Springfield's LGBT Community, Supporters Celebrate Landmark Ruling
For Springfield resident Pat Healy, the U.S. Supreme Court’s ruling on Friday morning making same-sex marriage legal in all 50 states is a long time coming.
“I’m so glad to see, finally, the real equality that our Constitution is supposed to afford all of us.”
Healy’s same sex relationship lasted nearly 40 years until his partner died due to health complications in 2013.
“And the worst thing was seeing on his death certificate ‘unmarried male.’ Because we were not allowed to be married,” Healy said.
For as long as he can remember, Healy has been comfortable with his sexuality, due in large part to the support of his family.
“My eight brothers, my two sisters, my mother, my dad introduced him [my partner] to me. So they were okay with it. And my dad was a Marine. So were all my brothers. So I figured that if my dad could be okay with it I had nothing to hide anymore, and I’ve been out since then forever.”
As far as community support for LGBT persons, recent progress along this front has been “astounding,” says Brenna Degrant.
“You see a lot of people that used to believe that we were an abomination, a creation that was meant to be killed off, and now 30 percent of those people are believing completely different. And I think that’s a testament to how we’ve been visible; we’ve been able to change hearts and minds just by showing our love for each other.”
Degrant and her partner of seven years, Erica Chandler, will get married October 21.
Degrant, Chandler and Healy were among the close to 100 supporters that gathered outside the Gay and Lesbian Community Center of the Ozarks, or GLO, Friday evening in north Springfield.
Ashley Quinn, board member for the LGBT advocacy group PROMO, read before the audience an excerpt of Supreme Court Justice Anthony Kennedy’s majority opinion.
“It would misunderstand these men and women to say they disrespect the idea of marriage. Their plea is that they do respect it, respect it so deeply that they seek to find its fulfillment for themselves. Their hope is not to be condemned to live in loneliness, excluded from one of civilization’s oldest institutions. They ask for equal dignity in the eyes of the law. The Constitution grants them that right. The judgement of the court of appeals for the Sixth Circuit is reversed, it is so ordered,” Quinn read.
Quinn added that statewide non-discrimination protections are still needed for Missouri’s lesbian, gay, bisexual and transgender individuals. In Springfield, those protections were passed by city council last year, but repealed by 51.4 percent of voters in April.
“There are couples today that are second-guessing getting married because they could be fired from their jobs or denied housing. There are people avoiding cameras right now for the same reasons. We should be able to celebrate openly and publically and so as a message to our state legislature we need to pass MONA (Missouri Non-discrimination Act) now.”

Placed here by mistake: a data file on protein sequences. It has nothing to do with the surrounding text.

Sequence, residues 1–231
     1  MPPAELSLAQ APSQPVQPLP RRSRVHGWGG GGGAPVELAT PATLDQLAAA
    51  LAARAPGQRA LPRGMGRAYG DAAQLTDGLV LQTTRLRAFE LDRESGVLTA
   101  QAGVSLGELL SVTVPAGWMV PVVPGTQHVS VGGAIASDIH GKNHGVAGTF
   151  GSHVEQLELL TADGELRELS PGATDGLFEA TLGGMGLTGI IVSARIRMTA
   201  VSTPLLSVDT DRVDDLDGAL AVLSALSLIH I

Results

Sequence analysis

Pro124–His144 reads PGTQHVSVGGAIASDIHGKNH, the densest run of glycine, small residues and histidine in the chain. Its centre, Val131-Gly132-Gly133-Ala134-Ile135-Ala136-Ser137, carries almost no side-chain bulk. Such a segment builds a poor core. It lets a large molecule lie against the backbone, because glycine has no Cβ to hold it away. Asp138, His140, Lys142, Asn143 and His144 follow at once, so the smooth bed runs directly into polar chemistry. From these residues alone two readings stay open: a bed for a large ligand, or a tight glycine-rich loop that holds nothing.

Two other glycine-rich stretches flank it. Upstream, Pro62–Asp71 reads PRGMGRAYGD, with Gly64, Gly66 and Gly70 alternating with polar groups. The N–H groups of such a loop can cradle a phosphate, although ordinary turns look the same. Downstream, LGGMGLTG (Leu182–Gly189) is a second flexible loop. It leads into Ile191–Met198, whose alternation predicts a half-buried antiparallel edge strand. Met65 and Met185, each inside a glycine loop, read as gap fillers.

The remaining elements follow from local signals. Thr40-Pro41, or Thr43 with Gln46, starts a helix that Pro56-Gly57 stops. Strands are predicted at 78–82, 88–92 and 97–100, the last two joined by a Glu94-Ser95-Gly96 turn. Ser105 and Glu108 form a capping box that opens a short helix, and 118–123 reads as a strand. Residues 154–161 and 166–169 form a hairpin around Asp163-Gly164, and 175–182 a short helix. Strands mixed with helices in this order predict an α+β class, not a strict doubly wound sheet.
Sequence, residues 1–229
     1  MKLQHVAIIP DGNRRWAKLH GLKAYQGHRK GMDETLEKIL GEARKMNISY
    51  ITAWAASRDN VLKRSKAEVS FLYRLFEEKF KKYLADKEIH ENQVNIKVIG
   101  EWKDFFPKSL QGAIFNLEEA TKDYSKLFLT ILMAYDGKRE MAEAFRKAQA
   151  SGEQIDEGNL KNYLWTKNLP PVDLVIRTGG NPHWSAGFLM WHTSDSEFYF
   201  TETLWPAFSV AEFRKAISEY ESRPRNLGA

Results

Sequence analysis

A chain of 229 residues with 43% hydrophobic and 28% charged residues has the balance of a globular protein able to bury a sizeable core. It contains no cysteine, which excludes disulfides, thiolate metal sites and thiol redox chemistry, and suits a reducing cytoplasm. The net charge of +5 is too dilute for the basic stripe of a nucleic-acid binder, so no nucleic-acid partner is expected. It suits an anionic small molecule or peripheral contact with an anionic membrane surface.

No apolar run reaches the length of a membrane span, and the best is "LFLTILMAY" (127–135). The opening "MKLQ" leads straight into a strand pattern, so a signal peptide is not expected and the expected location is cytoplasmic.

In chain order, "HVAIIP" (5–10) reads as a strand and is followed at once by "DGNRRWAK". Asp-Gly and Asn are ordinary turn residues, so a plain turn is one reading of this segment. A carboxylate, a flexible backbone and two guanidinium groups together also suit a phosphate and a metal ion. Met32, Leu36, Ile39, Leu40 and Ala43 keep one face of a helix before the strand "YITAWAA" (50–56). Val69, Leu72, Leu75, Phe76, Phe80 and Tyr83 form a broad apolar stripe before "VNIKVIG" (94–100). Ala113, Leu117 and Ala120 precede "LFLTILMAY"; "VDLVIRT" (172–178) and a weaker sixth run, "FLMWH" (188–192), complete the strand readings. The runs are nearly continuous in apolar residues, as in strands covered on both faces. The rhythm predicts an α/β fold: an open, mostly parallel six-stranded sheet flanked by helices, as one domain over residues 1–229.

Passage of those protections is uncertain, reflected in part by the views of some of Missouri’s legislative leaders, who in statements Friday expressed concern with how the high court’s decision will impact the future of the state.
Senate Leader Tom Dempsey, R-St. Charles, said, “This decision has strong bearing on the ability of the citizens of our state to establish by public vote the social constructs under which they will live. In 2004, the citizens of our state voted overwhelmingly to put into the Missouri Constitution a definition of marriage that reflected the history and traditions of Western civilization for centuries. Now, a handful of lawyers in Washington, D.C. have decided that they know better and that citizens are incapable of determining such important questions under their own state laws and constitutions.”
“We are deeply concerned about the ripple effects of this decision,” said Majority Floor Leader Ron Richard, R-Joplin. “Will certain religious organizations and people of many different faiths now have to choose between violating their deeply held beliefs or risk being dragged into court? The Constitution of the United States which every member of the Supreme Court is sworn to uphold specifically reserves powers not explicitly given to the federal government to the individual states. Elections have consequences. We can have majorities in both Chambers, but until we get a president who will appoint Supreme Court Justices who will fight for states’ rights, we will be left with insufficient authority.”
At noon Friday, the Greene County Recorder of Deeds office was given the go ahead by the Recorders Association of Missouri to begin issuing marriage licenses to same-sex couples. Three hours later, Angie Brayfield and Kresta Stewart became the first to apply for a license.
By the close of office Friday, PROMO had tallied nearly a dozen recorders of deeds offices in southwest Missouri that had actively begun issuing same-sex marriage licenses.